By Simon Russell
The consensus view is that big brands don’t deliver on flavour but you can at least be certain about what you’re getting. But even that forlorn hope appears misplaced as the brewers of Carling – a one of the biggest beer brands in the UK – admit that the alcohol content is less than claimed.
Global brewing giant brewer Molson Coors owned up that their big seller is actually a modest 3.7% abv and not the 4% abv advertised on cans and in pubs.
Though a relatively small change it makes a big difference – around £50m in unpaid duty the HMRC claimed since the switch in formulation in September 2012.
Molson Coors appealed the HMRC decision and won – good for them – but the row leaves a bitter taste for many, both those in the drinks trade and millions of ordinary drinkers. A flaw that might yet leave them nursing a hangover.
First, Molson Coors admit that they engineered the recipe change to save money and even tested different formulas to see what might be tolerated.
With the 3.7% version, “It was found that consumers were broadly tolerant from a taste perspective” said the firm’s Marketing Director – hardly a ringing endorsement.
Second, when they settled on the new brew they didn’t tell consumers or even their customers and left 4% on all marketing material. This they claimed was to make further cost savings.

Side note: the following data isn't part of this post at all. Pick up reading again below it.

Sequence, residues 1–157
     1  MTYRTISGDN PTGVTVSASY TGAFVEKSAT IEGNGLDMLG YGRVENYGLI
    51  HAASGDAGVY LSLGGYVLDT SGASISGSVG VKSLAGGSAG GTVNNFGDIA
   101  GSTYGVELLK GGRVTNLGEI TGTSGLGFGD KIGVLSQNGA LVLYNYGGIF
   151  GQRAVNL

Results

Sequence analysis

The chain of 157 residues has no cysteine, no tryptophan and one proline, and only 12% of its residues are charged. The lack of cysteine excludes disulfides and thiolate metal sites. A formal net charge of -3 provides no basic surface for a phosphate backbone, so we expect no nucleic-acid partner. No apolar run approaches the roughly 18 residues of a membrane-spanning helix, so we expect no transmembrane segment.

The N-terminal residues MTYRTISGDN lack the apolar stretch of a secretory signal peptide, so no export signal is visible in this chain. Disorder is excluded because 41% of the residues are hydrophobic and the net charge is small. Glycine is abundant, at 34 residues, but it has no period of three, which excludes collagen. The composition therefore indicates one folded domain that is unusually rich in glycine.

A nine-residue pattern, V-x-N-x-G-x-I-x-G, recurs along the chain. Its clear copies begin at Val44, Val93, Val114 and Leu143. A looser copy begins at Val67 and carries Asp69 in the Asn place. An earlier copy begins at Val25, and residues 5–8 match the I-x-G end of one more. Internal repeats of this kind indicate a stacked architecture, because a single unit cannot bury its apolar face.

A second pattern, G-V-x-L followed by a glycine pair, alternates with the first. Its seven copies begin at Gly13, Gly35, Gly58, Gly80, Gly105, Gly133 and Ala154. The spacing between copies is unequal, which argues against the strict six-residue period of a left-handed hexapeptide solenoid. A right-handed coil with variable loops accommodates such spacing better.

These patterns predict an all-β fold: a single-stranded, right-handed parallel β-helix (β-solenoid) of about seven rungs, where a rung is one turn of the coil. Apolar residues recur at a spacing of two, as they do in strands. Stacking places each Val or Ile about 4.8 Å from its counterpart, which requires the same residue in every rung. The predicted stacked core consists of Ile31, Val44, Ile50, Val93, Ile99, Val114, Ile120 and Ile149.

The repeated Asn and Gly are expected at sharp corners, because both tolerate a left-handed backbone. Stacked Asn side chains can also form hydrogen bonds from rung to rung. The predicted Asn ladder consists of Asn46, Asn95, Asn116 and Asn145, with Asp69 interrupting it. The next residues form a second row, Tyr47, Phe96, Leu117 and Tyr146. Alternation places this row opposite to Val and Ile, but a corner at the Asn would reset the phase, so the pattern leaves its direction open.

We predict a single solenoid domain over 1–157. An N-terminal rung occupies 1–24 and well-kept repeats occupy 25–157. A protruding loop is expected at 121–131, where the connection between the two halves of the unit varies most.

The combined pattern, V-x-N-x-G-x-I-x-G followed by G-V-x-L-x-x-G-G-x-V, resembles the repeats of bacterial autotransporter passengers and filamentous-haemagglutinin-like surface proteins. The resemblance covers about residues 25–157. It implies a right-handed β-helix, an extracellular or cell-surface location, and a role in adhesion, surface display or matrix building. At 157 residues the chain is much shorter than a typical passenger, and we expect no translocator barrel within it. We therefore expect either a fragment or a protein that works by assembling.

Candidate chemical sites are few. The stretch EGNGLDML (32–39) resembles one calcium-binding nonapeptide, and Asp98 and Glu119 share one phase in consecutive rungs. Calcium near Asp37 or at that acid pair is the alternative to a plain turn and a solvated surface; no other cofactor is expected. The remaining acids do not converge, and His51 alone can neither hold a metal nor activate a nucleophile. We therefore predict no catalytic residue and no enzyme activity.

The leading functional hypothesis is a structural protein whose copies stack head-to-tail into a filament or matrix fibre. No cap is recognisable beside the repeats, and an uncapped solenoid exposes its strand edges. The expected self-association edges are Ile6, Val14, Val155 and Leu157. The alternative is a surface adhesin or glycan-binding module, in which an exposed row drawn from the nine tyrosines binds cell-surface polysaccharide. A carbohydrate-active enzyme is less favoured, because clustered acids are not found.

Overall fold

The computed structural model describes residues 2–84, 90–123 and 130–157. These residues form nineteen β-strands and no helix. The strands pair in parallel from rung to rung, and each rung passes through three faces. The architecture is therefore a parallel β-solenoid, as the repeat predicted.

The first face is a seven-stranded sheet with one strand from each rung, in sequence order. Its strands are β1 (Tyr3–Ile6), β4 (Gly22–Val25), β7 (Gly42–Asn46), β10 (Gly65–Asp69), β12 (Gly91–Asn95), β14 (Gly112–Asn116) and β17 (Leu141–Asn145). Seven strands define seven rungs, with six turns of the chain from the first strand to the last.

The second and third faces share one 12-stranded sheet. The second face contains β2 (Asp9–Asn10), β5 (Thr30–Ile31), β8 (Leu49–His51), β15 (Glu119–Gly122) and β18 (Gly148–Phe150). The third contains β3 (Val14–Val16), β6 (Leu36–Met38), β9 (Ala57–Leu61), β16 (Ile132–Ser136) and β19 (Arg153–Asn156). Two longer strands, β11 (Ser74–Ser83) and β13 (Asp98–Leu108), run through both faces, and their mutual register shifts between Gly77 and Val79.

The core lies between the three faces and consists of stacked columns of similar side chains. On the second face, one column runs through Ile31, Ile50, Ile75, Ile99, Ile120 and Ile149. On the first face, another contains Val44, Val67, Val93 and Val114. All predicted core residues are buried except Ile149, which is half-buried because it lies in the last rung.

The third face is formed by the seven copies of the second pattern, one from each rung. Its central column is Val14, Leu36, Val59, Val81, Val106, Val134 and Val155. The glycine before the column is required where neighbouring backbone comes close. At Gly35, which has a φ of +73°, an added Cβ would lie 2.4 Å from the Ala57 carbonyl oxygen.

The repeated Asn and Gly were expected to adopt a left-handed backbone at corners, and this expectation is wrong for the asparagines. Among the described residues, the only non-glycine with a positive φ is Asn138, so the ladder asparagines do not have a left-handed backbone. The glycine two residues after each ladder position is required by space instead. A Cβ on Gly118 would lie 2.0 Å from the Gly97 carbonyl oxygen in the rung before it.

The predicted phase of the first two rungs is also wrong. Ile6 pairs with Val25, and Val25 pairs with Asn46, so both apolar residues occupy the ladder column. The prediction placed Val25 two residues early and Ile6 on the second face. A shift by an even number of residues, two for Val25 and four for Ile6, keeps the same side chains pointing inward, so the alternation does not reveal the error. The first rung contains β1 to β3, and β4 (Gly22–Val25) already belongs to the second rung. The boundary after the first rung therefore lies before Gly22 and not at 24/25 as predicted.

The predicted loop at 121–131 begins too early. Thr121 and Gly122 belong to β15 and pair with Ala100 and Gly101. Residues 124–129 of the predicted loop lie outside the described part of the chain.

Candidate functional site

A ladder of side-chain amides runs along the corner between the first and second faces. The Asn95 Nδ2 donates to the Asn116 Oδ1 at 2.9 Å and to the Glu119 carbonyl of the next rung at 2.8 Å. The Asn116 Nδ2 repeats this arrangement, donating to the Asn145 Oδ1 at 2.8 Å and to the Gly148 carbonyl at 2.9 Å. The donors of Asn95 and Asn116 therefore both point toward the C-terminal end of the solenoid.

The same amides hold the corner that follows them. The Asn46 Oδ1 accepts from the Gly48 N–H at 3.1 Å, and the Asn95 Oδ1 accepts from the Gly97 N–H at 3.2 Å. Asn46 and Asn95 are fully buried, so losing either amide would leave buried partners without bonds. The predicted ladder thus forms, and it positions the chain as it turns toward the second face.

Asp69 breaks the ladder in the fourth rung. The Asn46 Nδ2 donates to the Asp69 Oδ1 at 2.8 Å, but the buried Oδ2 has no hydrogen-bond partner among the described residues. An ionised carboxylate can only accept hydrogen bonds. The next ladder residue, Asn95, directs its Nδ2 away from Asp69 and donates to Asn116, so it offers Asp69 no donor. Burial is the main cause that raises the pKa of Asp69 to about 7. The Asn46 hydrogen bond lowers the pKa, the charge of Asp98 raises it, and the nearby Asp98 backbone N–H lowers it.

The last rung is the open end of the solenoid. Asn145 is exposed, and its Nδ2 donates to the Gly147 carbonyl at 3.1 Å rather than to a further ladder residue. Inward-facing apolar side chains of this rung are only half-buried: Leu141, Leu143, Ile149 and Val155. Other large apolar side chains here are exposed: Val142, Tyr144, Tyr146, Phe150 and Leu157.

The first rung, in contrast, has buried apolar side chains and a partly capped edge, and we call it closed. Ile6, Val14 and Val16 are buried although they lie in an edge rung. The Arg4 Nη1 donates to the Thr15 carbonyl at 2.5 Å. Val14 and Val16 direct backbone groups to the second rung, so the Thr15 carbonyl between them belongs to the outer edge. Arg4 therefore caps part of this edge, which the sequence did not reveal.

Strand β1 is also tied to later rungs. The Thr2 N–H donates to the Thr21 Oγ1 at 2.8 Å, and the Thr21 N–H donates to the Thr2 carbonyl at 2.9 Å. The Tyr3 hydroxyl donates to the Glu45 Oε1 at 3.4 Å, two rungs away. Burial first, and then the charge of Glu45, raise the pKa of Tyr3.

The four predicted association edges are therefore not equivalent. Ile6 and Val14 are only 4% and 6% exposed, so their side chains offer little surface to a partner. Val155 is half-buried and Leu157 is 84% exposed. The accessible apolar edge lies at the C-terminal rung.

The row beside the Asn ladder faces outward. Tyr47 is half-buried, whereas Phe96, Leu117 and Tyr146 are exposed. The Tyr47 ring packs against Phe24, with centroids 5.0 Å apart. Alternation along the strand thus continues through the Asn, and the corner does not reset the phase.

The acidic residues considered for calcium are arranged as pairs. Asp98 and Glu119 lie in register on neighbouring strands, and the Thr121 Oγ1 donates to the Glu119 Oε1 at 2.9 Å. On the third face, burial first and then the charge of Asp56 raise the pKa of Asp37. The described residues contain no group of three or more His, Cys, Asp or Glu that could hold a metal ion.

They feared, perhaps with good reason, that if they were transparent and revealed to customers that they were saving money the major retailers would demand a slice of the action.
Hard-nosed supermarket buyers may yet make up for lost time and clobber them now – particularly as they won their appeal and kept the cash out of the hands of Chancellor Philip Hammond.
Plus consumers could exact some measure of revenge as no-one likes to be misled. There is no shortage of alternative, both in the mainstream market for Carling and in the buoyant craft beer sector.
Whilst brewing to 3.7% and declaring 4% is entirely legal given the allowed tolerances, by their own admission, Molson Coors knew what they were doing and their scale of operation can be assumed to be absolutely precise in terms of what is produced.
Some years ago Blackthorn Cider championed a new recipe and a lower abv and were met with open revolt from loyal consumers in their Bristol and West Country heartland.
For a brand that formerly claimed to be ‘Refreshingly Perfect’ there is much to do to repair the reputation of both the brand and the actions of big brewers.